I do use store bought, but I make sure it's unsweetened original. If you're feeling ambitious and want to make your own, Minimalist Baker has a great easy almond milk recipe here.
How coconut milk is made
Coconut flesh (the white part) is grated and soaked in hot water. The coconut cream rises to the top and is skimmed off.
The remaining liquid is then squeezed through a cheesecloth to extract the white liquid that you know as coconut milk. By repeating this process, the coconut milk becomes thinner.
There are multiple ways to make coconut milk, or rather, multiple coconut products you can make it from. If you're curious to learn about them, there's a great post here on 4 Ways to Make Coconut Milk.
Coconut milk vs. coconut cream
Canned coconut milk is a combination of coconut cream and coconut water. If you shake the can, the two will combine, and you'll have a thick, creamy liquid when you open it up.
Disclaimer: sometimes the coconut cream will be hardened a bit; just take a whisk or a fork and stick in the can and stir it a bit until it smooths out.
Coconut cream also comes in a can, but a much smaller one. This is just the thick, fatty cream from the coconut milk, divided so you don't have to do it yourself.
Coconut cream is most often used to thicken recipes or add a creamy consistency to sauces. It can also be used as a whipped cream alternative - I use it here in my Apple Crisp recipe!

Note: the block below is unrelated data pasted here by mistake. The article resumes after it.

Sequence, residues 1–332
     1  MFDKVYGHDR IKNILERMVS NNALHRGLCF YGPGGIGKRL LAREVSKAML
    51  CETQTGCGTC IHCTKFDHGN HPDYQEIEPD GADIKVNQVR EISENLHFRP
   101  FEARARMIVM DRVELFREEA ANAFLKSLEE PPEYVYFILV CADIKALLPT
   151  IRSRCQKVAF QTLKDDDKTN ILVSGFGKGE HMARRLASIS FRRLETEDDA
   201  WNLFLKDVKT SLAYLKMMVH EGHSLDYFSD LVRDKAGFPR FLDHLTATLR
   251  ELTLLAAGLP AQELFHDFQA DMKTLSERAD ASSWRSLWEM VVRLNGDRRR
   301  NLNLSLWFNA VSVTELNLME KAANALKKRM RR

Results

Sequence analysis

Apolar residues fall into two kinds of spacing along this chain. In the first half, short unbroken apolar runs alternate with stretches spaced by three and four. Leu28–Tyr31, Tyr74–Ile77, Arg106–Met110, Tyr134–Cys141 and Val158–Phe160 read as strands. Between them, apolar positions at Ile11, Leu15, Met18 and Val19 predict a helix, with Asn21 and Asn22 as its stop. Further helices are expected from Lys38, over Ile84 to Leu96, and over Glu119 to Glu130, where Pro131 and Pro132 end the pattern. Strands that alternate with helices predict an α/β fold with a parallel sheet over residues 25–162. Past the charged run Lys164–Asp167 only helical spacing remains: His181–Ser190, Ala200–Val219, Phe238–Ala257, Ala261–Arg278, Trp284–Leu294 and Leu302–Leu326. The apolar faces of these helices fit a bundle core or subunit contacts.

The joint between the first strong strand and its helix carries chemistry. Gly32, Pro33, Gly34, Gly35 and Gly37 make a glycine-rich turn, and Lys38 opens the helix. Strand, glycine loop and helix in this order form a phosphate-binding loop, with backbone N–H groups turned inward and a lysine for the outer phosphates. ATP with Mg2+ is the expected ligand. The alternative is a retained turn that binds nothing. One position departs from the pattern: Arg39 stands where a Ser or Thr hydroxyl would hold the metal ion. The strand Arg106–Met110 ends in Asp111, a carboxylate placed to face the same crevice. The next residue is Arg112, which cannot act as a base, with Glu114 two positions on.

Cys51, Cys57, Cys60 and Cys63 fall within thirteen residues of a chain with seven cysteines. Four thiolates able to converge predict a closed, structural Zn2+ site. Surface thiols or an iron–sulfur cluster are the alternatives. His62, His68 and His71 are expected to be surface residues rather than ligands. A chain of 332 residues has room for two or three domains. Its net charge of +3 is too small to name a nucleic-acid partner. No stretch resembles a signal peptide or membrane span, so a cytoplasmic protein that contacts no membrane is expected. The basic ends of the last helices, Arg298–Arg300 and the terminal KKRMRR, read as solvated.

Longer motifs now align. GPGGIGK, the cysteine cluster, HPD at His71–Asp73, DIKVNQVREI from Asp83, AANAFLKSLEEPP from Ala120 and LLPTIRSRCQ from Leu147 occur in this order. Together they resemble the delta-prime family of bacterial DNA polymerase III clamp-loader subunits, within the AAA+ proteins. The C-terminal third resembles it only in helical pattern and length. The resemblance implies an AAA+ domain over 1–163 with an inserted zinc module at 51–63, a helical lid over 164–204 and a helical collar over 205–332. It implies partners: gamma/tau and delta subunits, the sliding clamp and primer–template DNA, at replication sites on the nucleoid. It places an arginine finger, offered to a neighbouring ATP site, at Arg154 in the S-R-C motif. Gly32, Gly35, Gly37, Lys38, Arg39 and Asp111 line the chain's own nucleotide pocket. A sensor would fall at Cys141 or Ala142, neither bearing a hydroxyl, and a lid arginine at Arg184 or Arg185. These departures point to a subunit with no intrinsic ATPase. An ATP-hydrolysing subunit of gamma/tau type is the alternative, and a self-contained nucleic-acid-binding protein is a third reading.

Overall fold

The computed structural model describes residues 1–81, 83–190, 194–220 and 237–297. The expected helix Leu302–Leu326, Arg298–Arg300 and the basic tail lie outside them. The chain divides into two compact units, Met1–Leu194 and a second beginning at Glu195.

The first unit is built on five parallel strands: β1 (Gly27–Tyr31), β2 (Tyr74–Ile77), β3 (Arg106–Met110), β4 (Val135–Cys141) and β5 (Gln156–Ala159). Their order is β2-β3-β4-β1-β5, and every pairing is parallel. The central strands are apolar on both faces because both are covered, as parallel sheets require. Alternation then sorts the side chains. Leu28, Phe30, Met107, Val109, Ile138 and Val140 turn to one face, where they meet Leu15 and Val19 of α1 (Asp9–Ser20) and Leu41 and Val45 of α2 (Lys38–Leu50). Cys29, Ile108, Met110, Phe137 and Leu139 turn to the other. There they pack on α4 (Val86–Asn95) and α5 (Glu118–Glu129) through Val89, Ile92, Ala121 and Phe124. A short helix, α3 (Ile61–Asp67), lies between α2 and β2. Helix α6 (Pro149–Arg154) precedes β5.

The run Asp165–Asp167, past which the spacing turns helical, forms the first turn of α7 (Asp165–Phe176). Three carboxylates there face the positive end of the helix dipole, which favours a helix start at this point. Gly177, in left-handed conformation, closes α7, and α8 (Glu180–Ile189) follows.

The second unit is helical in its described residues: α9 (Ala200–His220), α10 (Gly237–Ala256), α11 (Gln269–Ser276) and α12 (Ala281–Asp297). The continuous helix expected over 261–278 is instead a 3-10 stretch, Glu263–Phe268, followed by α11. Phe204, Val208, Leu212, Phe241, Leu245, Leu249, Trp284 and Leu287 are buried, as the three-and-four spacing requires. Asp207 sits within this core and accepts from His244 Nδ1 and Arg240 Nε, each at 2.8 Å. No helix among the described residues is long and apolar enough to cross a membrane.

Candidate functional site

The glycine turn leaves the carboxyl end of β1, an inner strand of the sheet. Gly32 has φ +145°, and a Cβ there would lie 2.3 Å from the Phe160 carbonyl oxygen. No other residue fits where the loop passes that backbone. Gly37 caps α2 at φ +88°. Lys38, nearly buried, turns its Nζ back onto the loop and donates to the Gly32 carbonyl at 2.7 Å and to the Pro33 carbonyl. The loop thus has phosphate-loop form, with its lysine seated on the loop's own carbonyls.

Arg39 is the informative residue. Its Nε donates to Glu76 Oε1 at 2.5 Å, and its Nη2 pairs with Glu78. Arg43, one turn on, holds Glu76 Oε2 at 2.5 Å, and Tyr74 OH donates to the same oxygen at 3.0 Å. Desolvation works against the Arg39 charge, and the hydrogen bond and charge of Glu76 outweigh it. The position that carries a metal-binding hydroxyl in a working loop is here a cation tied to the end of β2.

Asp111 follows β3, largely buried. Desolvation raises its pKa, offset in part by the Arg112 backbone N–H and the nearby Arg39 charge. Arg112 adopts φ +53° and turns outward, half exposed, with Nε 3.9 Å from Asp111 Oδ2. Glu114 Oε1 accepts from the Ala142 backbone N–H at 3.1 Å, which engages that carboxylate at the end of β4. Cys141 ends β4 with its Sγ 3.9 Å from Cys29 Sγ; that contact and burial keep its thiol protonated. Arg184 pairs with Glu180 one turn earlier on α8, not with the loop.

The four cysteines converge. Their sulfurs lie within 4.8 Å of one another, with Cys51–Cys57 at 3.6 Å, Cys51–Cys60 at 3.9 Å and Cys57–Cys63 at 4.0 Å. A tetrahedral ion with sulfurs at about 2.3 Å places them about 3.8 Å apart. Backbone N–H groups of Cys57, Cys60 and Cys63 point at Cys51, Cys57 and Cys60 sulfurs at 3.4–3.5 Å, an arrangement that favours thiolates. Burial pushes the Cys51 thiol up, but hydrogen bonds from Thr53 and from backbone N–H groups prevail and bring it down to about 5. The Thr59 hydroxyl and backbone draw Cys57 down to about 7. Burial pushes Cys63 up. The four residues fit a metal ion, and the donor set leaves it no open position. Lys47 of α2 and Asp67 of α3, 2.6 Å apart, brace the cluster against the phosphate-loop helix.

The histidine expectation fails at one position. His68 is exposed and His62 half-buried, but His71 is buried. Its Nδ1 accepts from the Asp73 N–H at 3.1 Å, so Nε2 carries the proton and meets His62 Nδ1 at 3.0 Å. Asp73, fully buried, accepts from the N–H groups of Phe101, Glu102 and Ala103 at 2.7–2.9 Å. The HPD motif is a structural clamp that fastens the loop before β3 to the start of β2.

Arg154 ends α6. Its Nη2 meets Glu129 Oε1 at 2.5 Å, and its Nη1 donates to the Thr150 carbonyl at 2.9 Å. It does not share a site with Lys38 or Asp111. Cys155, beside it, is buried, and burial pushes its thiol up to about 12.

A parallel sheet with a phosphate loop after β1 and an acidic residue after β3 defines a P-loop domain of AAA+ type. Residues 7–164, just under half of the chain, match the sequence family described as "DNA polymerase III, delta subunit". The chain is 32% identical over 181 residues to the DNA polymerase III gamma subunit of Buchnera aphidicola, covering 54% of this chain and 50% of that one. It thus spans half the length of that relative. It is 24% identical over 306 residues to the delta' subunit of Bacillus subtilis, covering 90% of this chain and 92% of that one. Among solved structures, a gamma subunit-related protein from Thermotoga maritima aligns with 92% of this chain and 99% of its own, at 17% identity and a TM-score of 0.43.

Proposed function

DIY coconut cream
Coconut cream can also just be skimmed from a can of coconut milk, it just takes a bit of pre-planning.
Take your can of coconut milk and put it upside down in the fridge overnight. The next day, turn the can right side up, open it, and the coconut cream will have separated from the water.
You can skim the cream off and save the water for another use (I like to put it in a smoothie!)
Why coconut milk is a healthier alternative
Coconut milk helps increase HDL levels (good cholesterol) and decrease LDL levels (bad cholesterol). It also improves blood pressure, and helps prevent cardiac arrhythmia due to its potassium content.
Coconut milk is higher in saturated fat content, so it can pack a much larger punch of calories and fat than almond milk. If you're watching your fat intake, this might not be your first choice.
How oat milk is made
Oat milk is simply rolled oats and water blended together then strained to leave the pulp behind. The result is easy, creamy, DIY oat milk!
I don't use or make oat milk regularly personally, so I wanted to learn a bit about what type of oats are best to use. From what I found, you want to go with rolled oats.
Steel cut oats are less processed, and quick cook oats are over processed. The results are a less creamy milk and a slimier milk, respectively.
Neither of those sounds delicious, so I would recommend sticking with the rolled oats for this one.
Why oat milk is a healthier alternative
Oat milk is high in vitamins like B12 and a good source of fiber.
Oat milk is reported to have one of the most satisfying flavors, with a creamy texture that replicates the richness of cow’s milk.
Just as with any store bought, processed product - read your labels! While fortification is typically ok (this is the addition of vitamins and minerals), you want to watch out for additives, chemicals, and sugars.
Admittedly, when I hear 'pea milk' I want to giggle. But once we get past the immature 12-year old jokes, pea milk actually has a leg to stand on.
How pea milk is made
To make pea milk, it starts with harvesting yellow peas and milling them into flour.